The occasional, often ill-considered thoughts of a Roman Catholic permanent deacon who is ever grateful to God for his existence. Despite the strangeness we encounter in this life, all the suffering we witness and endure, being is good, so good I am sometimes unable to contain my joy. Deo gratias!

Friday, August 15, 2008

Grandchildren...and Interesting Things

Once again it's early morning, probably the only truly quiet time in our least for a few weeks. You see, one of our daughters and four of our grandchildren are visiting us here in Florida and this makes for a more lively environment than Diane and I are used to. But we love every minute of it.

The little guys, three boys and one girl who range in age from 1 1/2 to 7, are a true joy and full of wonderful surprises. And what surprises me most are their differences. These four, tiny human beings, raised and nurtured by the same parents and spoiled by the same grandparents, have four completely different personalities. This can be only the outcome of an act of God, a God who revels in the variety of His creation. And they are such angelic little people that I sometimes find myself just staring at them in wonder and marveling at the simple fact of their existence. This, in itself, is proof enough for me that we are created by God and are not the products of some cosmic lottery, that we didn't evolve from some primordial slime. No, these beautiful children are not the mere accidents of an unthinking "nature"; rather they can be only the result of the conscious creation of a loving God. And for this we thank Him and praise Him.

And when these four little ones return home to Cape Cod, Diane and I will await the arrival of our other two equally beautiful grandchildren...soon, we hope.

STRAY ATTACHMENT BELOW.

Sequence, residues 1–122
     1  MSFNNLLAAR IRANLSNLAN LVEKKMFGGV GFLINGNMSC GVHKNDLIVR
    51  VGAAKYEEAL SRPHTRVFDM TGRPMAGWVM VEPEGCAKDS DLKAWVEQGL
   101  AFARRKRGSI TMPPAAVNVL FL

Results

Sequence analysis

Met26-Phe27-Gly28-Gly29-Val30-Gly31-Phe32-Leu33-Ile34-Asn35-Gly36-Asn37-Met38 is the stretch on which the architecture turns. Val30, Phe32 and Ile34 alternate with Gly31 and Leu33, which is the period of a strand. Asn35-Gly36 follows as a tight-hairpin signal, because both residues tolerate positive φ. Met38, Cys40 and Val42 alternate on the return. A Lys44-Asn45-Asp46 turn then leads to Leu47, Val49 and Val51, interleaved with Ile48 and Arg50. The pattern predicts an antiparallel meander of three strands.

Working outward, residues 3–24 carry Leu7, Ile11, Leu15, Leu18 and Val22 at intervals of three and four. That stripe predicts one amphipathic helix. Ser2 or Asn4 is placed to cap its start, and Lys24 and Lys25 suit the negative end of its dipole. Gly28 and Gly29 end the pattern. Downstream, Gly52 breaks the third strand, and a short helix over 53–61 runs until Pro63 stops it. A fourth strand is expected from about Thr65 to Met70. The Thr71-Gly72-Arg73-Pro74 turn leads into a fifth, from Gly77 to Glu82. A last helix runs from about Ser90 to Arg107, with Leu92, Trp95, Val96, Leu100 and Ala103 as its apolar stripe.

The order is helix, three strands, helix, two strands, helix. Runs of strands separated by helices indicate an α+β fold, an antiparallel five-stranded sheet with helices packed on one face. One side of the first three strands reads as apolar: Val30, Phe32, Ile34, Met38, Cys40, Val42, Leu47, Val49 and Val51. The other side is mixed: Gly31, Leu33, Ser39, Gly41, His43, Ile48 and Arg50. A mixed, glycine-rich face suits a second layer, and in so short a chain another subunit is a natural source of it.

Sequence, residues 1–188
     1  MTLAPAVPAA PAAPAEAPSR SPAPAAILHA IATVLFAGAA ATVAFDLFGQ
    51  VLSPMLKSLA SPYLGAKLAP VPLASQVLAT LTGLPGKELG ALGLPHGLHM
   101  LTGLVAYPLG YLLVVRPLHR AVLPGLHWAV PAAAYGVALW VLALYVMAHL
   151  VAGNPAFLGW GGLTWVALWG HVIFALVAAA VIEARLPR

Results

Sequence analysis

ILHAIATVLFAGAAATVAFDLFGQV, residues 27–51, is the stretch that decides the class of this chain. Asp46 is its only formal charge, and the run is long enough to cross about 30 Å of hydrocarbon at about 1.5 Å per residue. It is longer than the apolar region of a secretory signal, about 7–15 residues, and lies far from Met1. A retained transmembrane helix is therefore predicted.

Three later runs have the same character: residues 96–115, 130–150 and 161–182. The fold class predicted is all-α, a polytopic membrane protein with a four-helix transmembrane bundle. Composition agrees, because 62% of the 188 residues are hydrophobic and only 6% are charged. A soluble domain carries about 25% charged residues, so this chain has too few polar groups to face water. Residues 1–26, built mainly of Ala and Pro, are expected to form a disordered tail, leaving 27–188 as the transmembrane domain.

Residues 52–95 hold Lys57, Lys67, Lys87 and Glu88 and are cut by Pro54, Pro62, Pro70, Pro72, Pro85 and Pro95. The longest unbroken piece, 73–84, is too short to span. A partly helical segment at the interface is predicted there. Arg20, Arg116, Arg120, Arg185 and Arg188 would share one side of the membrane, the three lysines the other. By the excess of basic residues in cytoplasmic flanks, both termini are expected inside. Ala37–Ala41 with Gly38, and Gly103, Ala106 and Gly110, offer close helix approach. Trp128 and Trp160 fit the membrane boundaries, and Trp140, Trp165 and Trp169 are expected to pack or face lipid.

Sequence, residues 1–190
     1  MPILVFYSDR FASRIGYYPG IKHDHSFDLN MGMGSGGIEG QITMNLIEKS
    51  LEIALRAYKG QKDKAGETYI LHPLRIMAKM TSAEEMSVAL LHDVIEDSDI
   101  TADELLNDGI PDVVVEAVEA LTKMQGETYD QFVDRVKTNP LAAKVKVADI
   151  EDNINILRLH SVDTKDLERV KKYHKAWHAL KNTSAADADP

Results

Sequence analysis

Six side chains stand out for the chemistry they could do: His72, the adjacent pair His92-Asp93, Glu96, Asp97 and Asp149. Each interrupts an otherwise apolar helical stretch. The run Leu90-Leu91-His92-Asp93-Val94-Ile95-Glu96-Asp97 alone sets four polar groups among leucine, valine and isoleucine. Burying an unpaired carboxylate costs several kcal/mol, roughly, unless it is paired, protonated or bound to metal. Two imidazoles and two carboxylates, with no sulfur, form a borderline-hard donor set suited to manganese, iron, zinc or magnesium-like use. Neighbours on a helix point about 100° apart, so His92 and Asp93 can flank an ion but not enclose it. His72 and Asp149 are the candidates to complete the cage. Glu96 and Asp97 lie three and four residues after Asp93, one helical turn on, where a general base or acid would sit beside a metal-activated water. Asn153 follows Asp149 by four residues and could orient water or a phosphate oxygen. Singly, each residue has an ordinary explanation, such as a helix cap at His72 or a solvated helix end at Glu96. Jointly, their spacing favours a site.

A few more interesting things...

I facilitate a parish Bible study and in the course of it always seem to be apologizing for the arrogance expressed by some of our Catholic scriptural scholars who, blinded by their academic arrogance, seem to believe that they are so much smarter than St. Paul or St. Peter or the early Church Fathers. But some apparently believe they are even smarter than Jesus. Here's something I can across the other evening while browsing on Catholic World News:
The Liturgical Press of Collegeville, Minnesota, whose lectionary commentaries are used across the USA, has this comment on the Gospel for June 21: "First-century Christians lived a simpler life....Jesus, however, could hardly imagine the pressures of a twenty-first century world."

You can almost hear the subtext struggling to break free from this ridiculous comment: Yes, if only Jesus could have appreciated the oh so difficult challenges we 21st century Christians face, I'm sure he wouldn't have been so unyielding in his teachings, so narrow in his views of morality. But Jesus was really just a simple country boy from Galilee so how can we expect him to have understood the subtle complexities of our more sophisticated lives today?

Such thinking will naturally lead to the rationalizing of...well, anything. We need only say that Jesus simply didn't understand, and that if He were alive today He would surely support __________ (fill in the blank). Of course, what this says about their belief in the eternal divinity of Jesus Christ is an entirely other matter.

Fortunately, we have a truly scholarly Pope who is unafraid to take on these so-called scholars. Pray for him.

Another interesting liturgical item is the latest directive from the Congregation for Divine Worship ruling that the Name of God, commonly rendered as "Yahweh," should not be pronounced in the Catholic liturgy. The new directive reminds bishops that in the Hebrew tradition, which the early Christians adopted, the faithful avoided pronouncing the Name of God., which "as an expression of the infinite greatness and majesty of God, it was held to be unpronounceable."

The directive states that authorized Catholic translations of the Bible reflect the Hebrew tradition and that liturgical language should adhere carefully to the Scriptural texts, so that the Word of God is "conserved and transmitted in an integral and faithful manner."

The ruling requires no changes in the language of liturgy, since the Name of God is not spelled out in any authorized translation of the Roman Missal; however some hymns will obviously be inappropriate for liturgical use. Let's hope our liturgists and music directors can cope.

It is, of course, a wonderful ruling if only because it reminds the faithful of the majesty of our God, the Creator of all existence. Praise Him.

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